At a time when Health Secretary Matt Hancock has recently unveiled his new Prevention is Better than Cure health strategy, Spirit of 2012 has awarded £39,949 to a new initiative providing music as therapy for those suffering from ill health in the northwest of England.
The positive impact of group singing on both physical and mental health – for young and old alike – is increasingly well evidenced. A good sing can be joyful and uplifting, both during and after taking part.
More Music will establish two new Singing for Health projects in Morecambe, Lancashire, designed to bring people together in safe, creative and fun environments. The Chameleon Choir will bring young people together and the Seagull Cafe is for older people. Medical practitioners will refer people to the projects with the aim of building their resilience, developing their social connections, and enhancing their mental wellbeing. They will also consider prescribing singing to help tackle long–term, life-limiting health conditions including respiratory illness and dementia.
“We’re excited to fund this new social prescribing initiative, allowing GPs in Morecambe to refer patients to a non-medical option for better health,” says Debbie Lye, Spirit of 2012 Chief Executive.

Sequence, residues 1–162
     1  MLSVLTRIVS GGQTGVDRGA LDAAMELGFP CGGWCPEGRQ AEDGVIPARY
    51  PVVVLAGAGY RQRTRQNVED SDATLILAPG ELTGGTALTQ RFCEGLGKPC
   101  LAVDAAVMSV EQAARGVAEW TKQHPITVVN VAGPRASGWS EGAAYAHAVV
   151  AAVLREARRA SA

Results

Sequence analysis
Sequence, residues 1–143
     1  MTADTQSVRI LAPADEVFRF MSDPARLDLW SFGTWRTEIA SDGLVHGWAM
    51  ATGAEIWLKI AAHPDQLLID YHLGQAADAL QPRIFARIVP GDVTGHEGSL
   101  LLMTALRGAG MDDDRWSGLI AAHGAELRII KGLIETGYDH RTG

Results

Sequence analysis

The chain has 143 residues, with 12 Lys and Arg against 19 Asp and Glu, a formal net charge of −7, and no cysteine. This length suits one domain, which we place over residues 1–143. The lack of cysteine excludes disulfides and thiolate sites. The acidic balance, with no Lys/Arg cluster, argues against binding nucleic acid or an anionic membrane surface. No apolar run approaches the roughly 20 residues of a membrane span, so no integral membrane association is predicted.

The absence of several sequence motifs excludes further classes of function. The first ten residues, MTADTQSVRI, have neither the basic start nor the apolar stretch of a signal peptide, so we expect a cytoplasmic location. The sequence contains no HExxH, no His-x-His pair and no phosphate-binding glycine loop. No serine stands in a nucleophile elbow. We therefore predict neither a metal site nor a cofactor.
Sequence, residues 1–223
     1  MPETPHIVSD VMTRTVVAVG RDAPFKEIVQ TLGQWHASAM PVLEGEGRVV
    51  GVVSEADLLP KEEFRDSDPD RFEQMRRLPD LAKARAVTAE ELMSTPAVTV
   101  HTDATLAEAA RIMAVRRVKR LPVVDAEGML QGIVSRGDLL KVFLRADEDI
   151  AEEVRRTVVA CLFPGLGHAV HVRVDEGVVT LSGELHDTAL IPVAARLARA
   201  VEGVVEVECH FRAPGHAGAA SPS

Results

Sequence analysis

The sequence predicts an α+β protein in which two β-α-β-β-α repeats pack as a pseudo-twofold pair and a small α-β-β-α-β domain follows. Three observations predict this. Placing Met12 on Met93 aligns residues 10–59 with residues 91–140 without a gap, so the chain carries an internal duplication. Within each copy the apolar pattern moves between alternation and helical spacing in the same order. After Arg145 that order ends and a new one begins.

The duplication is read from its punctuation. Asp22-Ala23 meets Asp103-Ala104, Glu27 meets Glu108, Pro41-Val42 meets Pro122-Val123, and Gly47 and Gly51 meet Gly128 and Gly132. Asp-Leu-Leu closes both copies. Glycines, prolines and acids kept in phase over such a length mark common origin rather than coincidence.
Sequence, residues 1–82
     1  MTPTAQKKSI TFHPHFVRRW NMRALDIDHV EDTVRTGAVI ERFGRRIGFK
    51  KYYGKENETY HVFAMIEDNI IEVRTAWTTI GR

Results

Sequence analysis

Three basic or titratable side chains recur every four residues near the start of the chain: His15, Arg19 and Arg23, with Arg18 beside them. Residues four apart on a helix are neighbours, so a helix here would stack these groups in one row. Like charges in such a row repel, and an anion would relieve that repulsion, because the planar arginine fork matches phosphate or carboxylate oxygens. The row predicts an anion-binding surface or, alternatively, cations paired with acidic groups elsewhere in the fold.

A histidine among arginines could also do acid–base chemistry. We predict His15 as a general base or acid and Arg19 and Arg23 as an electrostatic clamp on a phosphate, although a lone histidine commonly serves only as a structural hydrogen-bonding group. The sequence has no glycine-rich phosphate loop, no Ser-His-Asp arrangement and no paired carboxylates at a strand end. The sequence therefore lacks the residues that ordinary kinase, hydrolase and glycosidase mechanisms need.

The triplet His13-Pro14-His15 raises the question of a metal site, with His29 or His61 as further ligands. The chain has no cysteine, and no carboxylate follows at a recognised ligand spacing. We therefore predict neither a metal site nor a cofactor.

“We know that wellbeing and good health result from a complex range of factors including social networks and participation in fulfilling, and fun, activities. We believe our Singing for Health investment in More Music will offer these to people who currently don’t have those opportunities, so preventing more serious problems and reducing demand for local medical services.”
More Music will deliver two Singing for Health projects: the Chameleon Choir for young people referred through the local Child and Adolescent Mental Health Services (CAMHS) network and Bay Medical Group; and the Seagull Café, for older adults referred through the Bay Medical Centre.
“We are thrilled to be awarded funding from Spirit of 2012 to develop a programme of singing that will focus on improving the mental health and wellbeing of participants,” says Kathryn MacDonald, Communities & Engagement Director, More Music. “We are looking forward to working in partnership with CAMHS and the Bay Medical Group to discover and share the benefits of music-making for the community.”
Spirit’s funding will also enable More Music to conduct research into their social prescribing model, generating learning which will inform future planning and practice for local services and the wider sector
“We look forward to seeing what the research will teach us about the impact and efficacy of the social prescribing model,” says Debbie Lye.
“As the Secretary of State said when he launched his Prevention is Better Than Cure vision in November last year, ‘Prevention is not only better than cure, it’s our best hope to create a happier, healthier, more independent future’.”
Click here for the More Music website.
Click here to read more about Singing for Health.